Ephraim Schwartz wonders if Microsoft's Wireless Provisioning Services (WPS) is a way under the tent flap for proprietary configuration: Microsoft's WPS is apparently an automatic configuration tool that will allow users with Windows XP and hotspots running Windows Server 2003 somewhere in the authentication chain to have a handshake that doesn't require a user to manually configure settings.
Schwartz wonders if this is a way for Microsoft, outside of a standard process, to lock in hotspots to using something that doesn't necessarily interoperate with many other platforms and even other Windows' versions.
It's clear that Microsoft's focus on improving link-level security in Windows XP is strategic: they don't want to devote lots of resources to re-engineering old versions of their system, and they want enterprises to abandon NT and 2000 in favor of XP, which the company will now be selling in the same architectural form until 2006, Longhorn's new shipping...uh, year.
But if you examine the flip side of the equation, as Nancy Gohring did yesterday, T-Mobile has said that they'll support WPS, but that they'll also work with any 802.1X client. 802.1X, just to remind everyone, is sung by three parts: a client, a port-restricted access point or switch, and an authentication server. The client can talk just to the AP or switch, which passes authentication messages (using EAPOL or EAPOW) to a server.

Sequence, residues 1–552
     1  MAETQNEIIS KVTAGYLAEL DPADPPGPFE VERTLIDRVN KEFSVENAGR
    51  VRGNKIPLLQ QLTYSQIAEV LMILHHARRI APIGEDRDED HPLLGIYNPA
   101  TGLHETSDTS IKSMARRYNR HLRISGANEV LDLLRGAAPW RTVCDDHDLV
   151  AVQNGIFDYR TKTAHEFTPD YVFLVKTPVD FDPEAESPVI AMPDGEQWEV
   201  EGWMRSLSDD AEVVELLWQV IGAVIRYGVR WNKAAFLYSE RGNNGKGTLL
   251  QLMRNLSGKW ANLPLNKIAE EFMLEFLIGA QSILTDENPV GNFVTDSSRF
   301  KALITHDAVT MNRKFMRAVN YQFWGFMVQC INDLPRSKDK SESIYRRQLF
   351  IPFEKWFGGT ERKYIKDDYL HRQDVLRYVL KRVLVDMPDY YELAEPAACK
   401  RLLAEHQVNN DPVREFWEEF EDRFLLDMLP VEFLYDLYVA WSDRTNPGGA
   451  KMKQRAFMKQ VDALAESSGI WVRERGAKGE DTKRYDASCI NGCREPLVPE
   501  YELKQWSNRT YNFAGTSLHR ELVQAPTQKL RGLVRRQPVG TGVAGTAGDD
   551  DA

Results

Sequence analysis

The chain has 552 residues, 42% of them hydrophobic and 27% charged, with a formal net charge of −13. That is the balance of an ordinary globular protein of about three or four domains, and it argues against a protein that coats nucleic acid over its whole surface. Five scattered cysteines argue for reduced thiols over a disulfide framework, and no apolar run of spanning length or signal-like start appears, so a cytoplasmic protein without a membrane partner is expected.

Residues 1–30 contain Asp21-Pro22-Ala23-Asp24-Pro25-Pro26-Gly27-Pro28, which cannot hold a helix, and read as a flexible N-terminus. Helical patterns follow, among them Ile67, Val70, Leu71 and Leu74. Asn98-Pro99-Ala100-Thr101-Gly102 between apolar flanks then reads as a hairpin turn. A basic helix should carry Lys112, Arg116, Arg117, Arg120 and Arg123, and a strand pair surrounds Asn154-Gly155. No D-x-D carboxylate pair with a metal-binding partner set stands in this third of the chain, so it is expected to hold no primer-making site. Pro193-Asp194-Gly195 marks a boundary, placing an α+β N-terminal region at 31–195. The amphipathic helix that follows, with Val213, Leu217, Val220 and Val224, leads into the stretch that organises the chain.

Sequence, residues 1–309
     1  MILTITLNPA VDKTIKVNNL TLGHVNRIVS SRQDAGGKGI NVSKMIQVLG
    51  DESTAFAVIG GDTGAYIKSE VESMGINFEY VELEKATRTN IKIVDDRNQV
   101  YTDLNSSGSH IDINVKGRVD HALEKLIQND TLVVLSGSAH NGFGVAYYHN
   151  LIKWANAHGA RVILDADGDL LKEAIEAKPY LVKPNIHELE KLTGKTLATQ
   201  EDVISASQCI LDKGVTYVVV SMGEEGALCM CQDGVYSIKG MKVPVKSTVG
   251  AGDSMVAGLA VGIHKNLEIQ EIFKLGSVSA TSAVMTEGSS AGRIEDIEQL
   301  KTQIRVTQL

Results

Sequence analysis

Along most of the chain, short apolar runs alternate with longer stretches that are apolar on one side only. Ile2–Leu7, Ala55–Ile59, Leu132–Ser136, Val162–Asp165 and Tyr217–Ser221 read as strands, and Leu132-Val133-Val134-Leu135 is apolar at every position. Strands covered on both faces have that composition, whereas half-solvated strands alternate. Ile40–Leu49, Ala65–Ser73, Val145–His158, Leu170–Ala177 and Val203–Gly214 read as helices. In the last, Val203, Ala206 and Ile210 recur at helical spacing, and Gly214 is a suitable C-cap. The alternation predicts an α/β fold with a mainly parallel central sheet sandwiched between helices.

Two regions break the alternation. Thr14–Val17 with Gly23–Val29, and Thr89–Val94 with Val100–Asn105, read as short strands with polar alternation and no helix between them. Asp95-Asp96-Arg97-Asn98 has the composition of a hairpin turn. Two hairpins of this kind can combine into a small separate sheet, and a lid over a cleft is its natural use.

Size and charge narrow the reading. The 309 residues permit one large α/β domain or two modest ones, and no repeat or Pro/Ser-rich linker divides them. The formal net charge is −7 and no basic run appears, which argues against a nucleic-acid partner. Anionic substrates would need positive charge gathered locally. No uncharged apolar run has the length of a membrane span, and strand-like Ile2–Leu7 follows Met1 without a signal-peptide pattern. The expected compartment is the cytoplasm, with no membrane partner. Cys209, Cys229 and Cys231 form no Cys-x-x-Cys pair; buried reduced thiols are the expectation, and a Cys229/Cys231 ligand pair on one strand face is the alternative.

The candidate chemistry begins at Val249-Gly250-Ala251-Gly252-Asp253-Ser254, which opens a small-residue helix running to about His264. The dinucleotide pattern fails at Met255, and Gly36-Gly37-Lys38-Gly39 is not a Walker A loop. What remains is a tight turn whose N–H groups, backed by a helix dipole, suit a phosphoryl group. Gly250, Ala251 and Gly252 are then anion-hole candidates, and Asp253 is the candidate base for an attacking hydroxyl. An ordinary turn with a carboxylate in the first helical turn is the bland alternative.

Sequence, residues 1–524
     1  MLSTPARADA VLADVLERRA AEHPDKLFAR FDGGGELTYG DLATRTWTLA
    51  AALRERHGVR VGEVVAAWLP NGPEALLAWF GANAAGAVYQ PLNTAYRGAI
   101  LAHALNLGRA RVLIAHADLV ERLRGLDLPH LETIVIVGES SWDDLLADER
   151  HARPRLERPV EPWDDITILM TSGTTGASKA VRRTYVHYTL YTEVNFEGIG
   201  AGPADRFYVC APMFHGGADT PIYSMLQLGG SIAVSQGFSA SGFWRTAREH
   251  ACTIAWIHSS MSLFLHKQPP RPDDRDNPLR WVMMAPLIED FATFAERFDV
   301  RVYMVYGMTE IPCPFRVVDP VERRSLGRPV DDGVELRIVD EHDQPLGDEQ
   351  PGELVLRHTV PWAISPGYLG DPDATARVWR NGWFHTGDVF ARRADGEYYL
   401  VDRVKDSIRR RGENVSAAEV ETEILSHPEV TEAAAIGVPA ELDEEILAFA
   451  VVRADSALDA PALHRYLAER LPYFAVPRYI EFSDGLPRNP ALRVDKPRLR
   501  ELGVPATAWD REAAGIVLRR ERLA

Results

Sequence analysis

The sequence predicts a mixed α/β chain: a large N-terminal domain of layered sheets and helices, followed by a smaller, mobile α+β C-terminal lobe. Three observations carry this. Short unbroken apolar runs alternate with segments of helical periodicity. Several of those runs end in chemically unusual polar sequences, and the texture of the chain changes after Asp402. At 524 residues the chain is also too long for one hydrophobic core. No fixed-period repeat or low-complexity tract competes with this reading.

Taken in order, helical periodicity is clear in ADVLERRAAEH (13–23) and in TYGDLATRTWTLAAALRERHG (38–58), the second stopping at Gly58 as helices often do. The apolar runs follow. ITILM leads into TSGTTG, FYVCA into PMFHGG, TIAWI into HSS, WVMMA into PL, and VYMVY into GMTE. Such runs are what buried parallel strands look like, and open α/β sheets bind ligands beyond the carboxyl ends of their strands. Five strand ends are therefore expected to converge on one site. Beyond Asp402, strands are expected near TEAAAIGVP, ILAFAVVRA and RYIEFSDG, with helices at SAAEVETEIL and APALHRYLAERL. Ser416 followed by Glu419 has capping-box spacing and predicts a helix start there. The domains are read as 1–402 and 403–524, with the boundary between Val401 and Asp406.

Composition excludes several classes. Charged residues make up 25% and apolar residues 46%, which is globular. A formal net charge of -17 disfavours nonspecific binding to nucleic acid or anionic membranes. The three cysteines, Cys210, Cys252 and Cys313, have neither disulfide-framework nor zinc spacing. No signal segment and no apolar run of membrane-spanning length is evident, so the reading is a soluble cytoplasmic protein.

Because 802.1X allows continuous messaging, not only does each user in such a system receive a unique WEP or WPA key, but those keys can be rotated at whatever frequency a network administrator decides with zero involvement by the user.
The advantages for 802.1X in the hotspot world are enormous, and WISPs should consider subsidizing distribution of 802.1X clients to their customers of all platforms. If you review the client compatibility lists at Meetinghouse and Funk, you can see that an enormous range of platforms are available: all Windows flavors (98 and later), Mac OS X 10.2, Linux (kernel 2.4), and Solaris. On the backside, most hotspots are using some kind of RADIUS or AAA solution already.
In the open-source world, 802.1X has lagged severely due to lack of non-enterprise interest in the spec. WISPs should just build 802.1X into their clients (as T-Mobile and ostensibly Boingo is doing) or give away third-party clients. (The latest version of Open 1x appears to be moving along, however.)
Users, of course, are responsible for their own security in the hotspot world, and hotspots have gone out of their way to highlight this. The 802.1X-in-the-hotspot solution makes it possible for casual users to have a relatively high degree of data encryption without the overhead.
I'm hoping that the WPS system developed by Microsoft doesn't overshadow the general benefits of 802.1X in the hotspot. In fact, if Microsoft's new way of doing things extends here, the company will release the specification, allowing others to consider adopting it or extending it.
(Note that the brief entry pointed to says WPA several times when WPS is intended. I sent them a note.)